|Vol.7, No.3, 18.1.01, p13
"TRADE, not aid" has long been the rallying cry of anti-poverty campaigners who argue that the best way to improve the living standards of the world's poorest countries is to grant them open access to the lucrative markets of rich nations.
Industrialised countries often preach free-trade economics but they have remained stubbornly wedded to protectionism in key areas.
A ray of hope has appeared, however, in the form of the European Commission's "Everything But Arms" (EBA) proposal, which will scrap duties on all imports - except weapons - from 48 of the world's poorest countries.
While it does not replace aid policy as the main tool in the EU's development arsenal, the EBA represents a groundbreaking attempt to integrate the world's poorer countries into the global trading system.
Trade Commissioner Pascal Lamy and his development counterpart Poul Nielson have stressed that the proposal must be complemented by other measures, such as giving poor nations a voice in the World Trade Organisation. The EU is also commited to giving technical assistance to allow developing countries to use the WTO's procedures to fight for their trading interests.
Despite the willingness of the Union's policy-makers to pay more attention to less-developed countries, Lamy still needs to convince sceptical member states of the benefits of the EBA package.
Intense lobbying by the sugar beet growers and processing industry is bound to ensure that the proposed scheme will be watered down before it wins approval.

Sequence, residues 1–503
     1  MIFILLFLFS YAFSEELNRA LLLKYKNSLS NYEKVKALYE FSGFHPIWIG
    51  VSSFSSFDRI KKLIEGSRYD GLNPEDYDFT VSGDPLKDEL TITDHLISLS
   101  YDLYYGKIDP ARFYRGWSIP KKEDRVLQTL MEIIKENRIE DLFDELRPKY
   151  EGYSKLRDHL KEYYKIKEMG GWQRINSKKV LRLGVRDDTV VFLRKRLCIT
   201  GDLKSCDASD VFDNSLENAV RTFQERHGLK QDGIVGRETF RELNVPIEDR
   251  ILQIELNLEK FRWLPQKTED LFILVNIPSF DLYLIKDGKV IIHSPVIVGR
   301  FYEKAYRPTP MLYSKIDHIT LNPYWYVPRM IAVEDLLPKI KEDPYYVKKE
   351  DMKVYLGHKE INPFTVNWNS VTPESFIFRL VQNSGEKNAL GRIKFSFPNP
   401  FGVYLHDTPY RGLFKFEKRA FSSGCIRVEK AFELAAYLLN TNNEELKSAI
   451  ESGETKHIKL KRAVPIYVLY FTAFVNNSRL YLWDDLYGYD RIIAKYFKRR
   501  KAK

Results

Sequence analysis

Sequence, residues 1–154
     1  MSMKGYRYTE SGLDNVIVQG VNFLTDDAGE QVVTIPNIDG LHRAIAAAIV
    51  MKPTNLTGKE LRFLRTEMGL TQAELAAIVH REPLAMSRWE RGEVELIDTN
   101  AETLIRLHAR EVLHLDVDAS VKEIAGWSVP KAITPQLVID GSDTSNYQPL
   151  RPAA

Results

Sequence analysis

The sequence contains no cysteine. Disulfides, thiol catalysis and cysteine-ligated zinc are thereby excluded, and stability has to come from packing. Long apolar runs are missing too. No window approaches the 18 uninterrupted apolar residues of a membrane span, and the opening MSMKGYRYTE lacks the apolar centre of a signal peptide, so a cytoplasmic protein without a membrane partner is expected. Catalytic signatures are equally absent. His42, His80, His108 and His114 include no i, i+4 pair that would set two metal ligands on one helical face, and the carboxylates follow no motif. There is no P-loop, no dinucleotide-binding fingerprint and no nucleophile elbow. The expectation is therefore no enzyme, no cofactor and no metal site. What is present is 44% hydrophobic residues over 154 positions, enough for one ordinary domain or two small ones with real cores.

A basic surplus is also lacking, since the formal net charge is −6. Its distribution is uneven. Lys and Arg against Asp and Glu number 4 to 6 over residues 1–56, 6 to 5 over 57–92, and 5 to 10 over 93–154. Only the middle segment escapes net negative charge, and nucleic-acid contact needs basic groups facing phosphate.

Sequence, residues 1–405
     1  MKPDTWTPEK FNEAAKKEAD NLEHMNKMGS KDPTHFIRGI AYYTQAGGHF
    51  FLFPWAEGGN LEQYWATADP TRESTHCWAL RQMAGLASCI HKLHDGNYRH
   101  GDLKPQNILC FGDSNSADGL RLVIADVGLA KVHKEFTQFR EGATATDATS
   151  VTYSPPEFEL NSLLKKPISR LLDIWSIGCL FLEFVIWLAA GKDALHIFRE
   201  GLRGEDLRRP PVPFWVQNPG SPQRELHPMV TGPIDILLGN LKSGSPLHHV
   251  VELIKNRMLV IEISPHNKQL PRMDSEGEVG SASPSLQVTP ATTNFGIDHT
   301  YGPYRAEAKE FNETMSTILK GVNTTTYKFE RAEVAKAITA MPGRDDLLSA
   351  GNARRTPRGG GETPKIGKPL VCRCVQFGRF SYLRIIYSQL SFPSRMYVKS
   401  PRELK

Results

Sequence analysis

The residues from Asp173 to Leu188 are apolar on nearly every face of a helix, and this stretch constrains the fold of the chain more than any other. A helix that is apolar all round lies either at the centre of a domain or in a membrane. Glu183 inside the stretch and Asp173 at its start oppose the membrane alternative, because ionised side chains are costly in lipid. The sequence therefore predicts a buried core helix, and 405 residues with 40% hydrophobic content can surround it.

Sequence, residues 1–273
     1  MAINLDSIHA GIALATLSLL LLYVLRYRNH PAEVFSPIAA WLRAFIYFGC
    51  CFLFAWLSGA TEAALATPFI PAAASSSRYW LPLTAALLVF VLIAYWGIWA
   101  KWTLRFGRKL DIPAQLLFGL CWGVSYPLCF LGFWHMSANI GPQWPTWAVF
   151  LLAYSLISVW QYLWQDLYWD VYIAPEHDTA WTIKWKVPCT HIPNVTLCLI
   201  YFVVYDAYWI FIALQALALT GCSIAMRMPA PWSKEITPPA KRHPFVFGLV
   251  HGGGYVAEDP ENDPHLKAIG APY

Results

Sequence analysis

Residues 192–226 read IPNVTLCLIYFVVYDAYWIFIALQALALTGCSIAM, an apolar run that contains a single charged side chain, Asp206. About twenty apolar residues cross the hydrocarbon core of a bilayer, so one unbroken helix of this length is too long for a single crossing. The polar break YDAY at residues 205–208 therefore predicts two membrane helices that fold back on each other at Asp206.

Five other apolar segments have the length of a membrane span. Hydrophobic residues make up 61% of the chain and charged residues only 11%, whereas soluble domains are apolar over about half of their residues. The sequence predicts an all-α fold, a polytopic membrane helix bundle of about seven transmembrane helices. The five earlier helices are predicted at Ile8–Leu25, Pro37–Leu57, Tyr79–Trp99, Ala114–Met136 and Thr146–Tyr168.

Nevertheless, officials are delighted the package has seen the light of day at all. "This sets a good precedent for regional trade agreements in future because we have overcome resistance to including sensitive agricultural products," said one.
Interestingly, opposition has come not just from wealthy northern landowners and sugar processors but also from some of the 77 beneficiaries of the EU's special programme for African, Caribbean and Pacific countries. Caribbean banana growers fear they would lose essential sales in the Union because EBA would open the market to non-ACP fruit.
That said, if EBA survives more or less intact it could be seen in years to come as a watershed in the effort to stop simply handing out aid and start using trade as an important development tool.
|Politics and International Relations